Nate’s Grade: B

New Moon (2009)

Admittedly, I am not a fan of the Twilight series. I have never read one of the books but I didn’t hate the first Twilight movie. I thought it kind of worked on its own merits even if it wasn’t for me. However, New Moon is a crushing bore and a mess.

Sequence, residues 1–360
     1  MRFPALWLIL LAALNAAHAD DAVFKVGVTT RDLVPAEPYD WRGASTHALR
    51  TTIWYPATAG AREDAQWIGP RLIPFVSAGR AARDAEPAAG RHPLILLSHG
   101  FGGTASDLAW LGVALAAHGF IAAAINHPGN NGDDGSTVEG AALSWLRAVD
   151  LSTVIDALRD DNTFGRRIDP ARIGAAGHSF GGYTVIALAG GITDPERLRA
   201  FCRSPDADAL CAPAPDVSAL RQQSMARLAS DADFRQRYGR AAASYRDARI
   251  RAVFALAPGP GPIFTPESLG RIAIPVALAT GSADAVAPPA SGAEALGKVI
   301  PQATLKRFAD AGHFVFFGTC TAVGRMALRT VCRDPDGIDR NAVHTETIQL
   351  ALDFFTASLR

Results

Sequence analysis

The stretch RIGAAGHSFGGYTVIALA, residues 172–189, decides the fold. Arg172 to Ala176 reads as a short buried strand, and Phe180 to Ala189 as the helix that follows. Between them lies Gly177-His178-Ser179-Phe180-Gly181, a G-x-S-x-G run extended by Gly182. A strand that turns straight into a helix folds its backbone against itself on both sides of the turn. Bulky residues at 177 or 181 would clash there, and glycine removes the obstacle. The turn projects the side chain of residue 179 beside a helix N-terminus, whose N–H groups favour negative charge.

Bella Swan (Kristen Stewart) is celebrating her eighteenth birthday with her vampire boyfriend, the 119-year-old Edward Cullen (Robert Pattinson). She accidentally cuts her finger and the sight of blood sends one of the Cullen vampires crazy with instinct. Edward concludes that his love would be safer without him. He bids her goodbye and promises, “This is the last time you will ever see me,” forgetting that there are two more books to go. Bella is heartbroken and spends months in a stupor. She finds solace with Jacob (Taylor Lautner), her friend of many years. Jacob’s people are indigenous Native Americans to the area, and he holds a secret as well. Turns out that Jacob is a werewolf. Now Bella has to decide between a vampire or a werewolf (does a Frankenstein monster enter the romantic fray later?). Edward mistakenly believes that Bella has died, so he too wants to die and will seek execution at the hands of the illustrious Vultari, the ruling vampire clan in Italy. Bella must decide between her two loves.